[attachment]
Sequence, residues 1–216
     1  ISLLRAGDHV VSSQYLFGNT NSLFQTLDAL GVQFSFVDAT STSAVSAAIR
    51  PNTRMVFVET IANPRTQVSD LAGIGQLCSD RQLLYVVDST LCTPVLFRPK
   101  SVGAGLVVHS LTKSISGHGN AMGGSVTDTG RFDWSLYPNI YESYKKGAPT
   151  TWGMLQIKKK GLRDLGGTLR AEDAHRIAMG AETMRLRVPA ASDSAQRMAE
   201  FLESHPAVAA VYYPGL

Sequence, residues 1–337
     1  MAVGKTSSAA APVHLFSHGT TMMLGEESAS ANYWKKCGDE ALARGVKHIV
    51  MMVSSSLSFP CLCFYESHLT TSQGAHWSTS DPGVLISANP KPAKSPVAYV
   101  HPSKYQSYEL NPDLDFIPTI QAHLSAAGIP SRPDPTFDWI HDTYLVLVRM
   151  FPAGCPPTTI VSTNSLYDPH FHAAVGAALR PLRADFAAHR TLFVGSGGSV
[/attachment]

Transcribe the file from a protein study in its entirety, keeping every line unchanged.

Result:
Sequence, residues 1–216
     1  ISLLRAGDHV VSSQYLFGNT NSLFQTLDAL GVQFSFVDAT STSAVSAAIR
    51  PNTRMVFVET IANPRTQVSD LAGIGQLCSD RQLLYVVDST LCTPVLFRPK
   101  SVGAGLVVHS LTKSISGHGN AMGGSVTDTG RFDWSLYPNI YESYKKGAPT
   151  TWGMLQIKKK GLRDLGGTLR AEDAHRIAMG AETMRLRVPA ASDSAQRMAE
   201  FLESHPAVAA VYYPGL

Sequence, residues 1–337
     1  MAVGKTSSAA APVHLFSHGT TMMLGEESAS ANYWKKCGDE ALARGVKHIV
    51  MMVSSSLSFP CLCFYESHLT TSQGAHWSTS DPGVLISANP KPAKSPVAYV
   101  HPSKYQSYEL NPDLDFIPTI QAHLSAAGIP SRPDPTFDWI HDTYLVLVRM
   151  FPAGCPPTTI VSTNSLYDPH FHAAVGAALR PLRADFAAHR TLFVGSGGSV